I recently wrote something on relating where I discovered how love is merely the knowing of someone’s nearness to you. I was surprised and deeply comforted to read this extract on loving someone in Nisargadatta Maharaj’s “I am That”, a book GD often recommends. Here the questioner talks about his yearning for his mother’s love and Maharaj’s response where he disassociates love from happiness and the movement of love.
[Q = Questioner , M = Maharaj]
Q: Can I find the richness and abundance of emotions, which I needed in such ample measure as a child?
M: Where is your childhood now? And what is your future?
Q: I was born, I have grown, I shall die.
M: You mean your body, of course. And your mind. I am not talking of your physiology and psychology. They are a part of nature and are governed by nature’s laws. I am talking of your search for love. Had it a beginning? Will it have an end?
Q: I really cannot say. It is there – from the earliest to the last moment of my life. This yearning for love – how constant and how hopeless!
M: In your search for love what exactly are you searching for?
Q: Simply this: to love and be loved.
M: You mean a woman?
Q: Not necessarily. A friend, a teacher, a guide – as long as the feeling is bright and clear. Of course, a woman is the usual answer. But it need not be the only one.
M: Of the two what would you prefer, to love or be loved?
Q: I would rather have both! But I can see that to love is greater, nobler and deeper. To be loved is sweet, but it does not make one grow.
M: Can you love on your own, or must you be made to love?
Q: One must meet somebody lovable of course. My mother was not only not loving, she was also not lovable.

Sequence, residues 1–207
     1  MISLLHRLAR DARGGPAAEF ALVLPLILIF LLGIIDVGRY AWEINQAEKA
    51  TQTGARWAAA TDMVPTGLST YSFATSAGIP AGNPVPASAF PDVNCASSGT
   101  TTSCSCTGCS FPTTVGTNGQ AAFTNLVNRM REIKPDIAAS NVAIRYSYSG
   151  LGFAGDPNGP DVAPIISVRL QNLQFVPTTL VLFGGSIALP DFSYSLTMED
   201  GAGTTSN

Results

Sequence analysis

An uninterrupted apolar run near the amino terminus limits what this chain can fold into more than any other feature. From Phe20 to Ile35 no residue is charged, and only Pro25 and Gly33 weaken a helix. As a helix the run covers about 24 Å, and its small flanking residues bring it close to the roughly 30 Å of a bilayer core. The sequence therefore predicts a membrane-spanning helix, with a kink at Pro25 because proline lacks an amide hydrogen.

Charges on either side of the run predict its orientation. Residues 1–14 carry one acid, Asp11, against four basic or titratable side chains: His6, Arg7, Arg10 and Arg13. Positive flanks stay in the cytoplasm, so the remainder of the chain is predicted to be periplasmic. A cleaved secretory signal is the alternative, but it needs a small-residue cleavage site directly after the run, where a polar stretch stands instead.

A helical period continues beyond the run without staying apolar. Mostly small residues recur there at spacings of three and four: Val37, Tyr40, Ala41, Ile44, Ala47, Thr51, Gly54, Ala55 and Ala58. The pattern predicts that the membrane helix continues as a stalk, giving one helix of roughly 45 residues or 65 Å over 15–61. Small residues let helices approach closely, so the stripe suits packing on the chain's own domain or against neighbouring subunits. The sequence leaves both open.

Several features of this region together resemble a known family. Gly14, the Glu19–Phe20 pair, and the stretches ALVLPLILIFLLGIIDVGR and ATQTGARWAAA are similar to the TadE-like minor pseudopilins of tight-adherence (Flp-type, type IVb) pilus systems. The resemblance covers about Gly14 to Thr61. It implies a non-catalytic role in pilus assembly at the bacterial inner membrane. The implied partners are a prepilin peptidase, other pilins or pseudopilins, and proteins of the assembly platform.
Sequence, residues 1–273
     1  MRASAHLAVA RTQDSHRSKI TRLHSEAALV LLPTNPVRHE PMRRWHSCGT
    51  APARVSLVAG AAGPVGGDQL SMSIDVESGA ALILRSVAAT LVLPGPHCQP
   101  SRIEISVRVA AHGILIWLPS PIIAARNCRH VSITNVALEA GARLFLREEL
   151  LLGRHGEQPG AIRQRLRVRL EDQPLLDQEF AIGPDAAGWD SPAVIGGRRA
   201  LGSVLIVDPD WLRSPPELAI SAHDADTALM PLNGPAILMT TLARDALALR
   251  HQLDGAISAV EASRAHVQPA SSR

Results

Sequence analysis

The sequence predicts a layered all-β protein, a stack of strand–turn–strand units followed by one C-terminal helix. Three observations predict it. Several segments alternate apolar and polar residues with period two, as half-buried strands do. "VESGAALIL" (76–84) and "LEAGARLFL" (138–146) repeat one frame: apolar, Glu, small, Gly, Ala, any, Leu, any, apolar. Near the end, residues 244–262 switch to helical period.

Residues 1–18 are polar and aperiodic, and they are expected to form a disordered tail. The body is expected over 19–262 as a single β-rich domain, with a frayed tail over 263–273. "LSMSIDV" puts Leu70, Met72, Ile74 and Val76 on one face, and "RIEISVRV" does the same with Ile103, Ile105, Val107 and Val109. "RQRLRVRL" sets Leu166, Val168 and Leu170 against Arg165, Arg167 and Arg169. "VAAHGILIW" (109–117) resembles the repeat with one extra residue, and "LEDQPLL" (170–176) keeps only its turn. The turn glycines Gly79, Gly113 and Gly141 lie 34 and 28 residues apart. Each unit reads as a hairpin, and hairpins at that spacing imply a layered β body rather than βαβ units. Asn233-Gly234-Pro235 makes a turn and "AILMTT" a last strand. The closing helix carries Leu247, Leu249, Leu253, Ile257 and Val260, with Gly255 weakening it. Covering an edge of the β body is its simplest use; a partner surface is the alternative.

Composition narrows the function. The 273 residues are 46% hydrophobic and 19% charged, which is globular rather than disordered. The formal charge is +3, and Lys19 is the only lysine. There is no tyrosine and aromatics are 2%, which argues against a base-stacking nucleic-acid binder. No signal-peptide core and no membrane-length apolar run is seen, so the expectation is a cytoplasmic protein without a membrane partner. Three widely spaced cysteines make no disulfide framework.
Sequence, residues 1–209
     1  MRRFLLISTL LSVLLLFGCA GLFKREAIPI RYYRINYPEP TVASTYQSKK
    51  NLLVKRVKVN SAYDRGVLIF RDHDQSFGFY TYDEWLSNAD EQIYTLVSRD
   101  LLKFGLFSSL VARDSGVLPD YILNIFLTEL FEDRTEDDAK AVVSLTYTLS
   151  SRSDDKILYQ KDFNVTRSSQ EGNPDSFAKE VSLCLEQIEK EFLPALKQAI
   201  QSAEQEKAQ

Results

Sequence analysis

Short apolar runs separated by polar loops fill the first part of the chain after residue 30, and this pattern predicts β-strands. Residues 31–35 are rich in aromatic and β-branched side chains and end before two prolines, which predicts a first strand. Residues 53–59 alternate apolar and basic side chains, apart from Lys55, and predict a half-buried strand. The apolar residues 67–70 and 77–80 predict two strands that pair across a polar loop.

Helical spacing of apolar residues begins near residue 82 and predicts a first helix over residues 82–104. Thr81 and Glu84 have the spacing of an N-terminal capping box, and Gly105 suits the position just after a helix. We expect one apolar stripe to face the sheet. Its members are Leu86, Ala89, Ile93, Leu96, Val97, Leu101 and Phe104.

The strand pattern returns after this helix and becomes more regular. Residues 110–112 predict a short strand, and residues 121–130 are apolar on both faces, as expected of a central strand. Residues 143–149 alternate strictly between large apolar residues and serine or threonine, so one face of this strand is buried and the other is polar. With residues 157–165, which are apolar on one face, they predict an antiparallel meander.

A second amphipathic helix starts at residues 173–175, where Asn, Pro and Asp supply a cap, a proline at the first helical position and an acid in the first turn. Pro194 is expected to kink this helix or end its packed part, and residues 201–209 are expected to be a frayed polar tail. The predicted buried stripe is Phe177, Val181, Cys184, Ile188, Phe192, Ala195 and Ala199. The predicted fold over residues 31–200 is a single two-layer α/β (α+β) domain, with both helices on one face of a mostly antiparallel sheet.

M: What makes a person lovable? Is it not the being loved? First you love and then you look for reasons.
Q: It can be the other way round. You love what makes you happy.
M: But what makes you happy?
Q: There is no rule about it. The entire subject is highly individual and unpredictable.
M: Right. Whichever way you put it, unless you love there is no happiness. But, does love always make you happy? Is not the association of love with happiness a rather early, infantile stage? When the beloved suffers, don’t you suffer too? And do you cease to love, because you suffer? Must love and happiness come and go together? Is love merely the expectation of pleasure?
Q: Of course not. There can be much suffering in love.
M: Then what is love? Is it not the state of being rather than a state of mind? Must you know that you love in order to love? Did you not love your mother unknowingly? Your craving for her love, for an opportunity to love her, is it not the movement of love? Is not love as much a part of you, as consciousness of being? You sought the love of your mother because you loved her.
Q: But she would not let me!
M: She could not stop you.
Q: Then, why was I unhappy all my life?
M: Because you did not go down to the very roots of your being. It is your complete ignorance of yourself, that covered up your love and happiness and made you seek for what you have never lost. Love is will, the will to share your happiness with all. Being happy – making happy – this is the rhythm of love.
Questions it has raised for me:
* Must we have someone to love, to be in love?
* What would it be like to just be Consciousness, where outer forms come up and dissolve, in waves, and yet this love is constant? Not a feeling, not an experience, nothing transient, but something that just Is? Isn’t that present now because it is a part of who I am?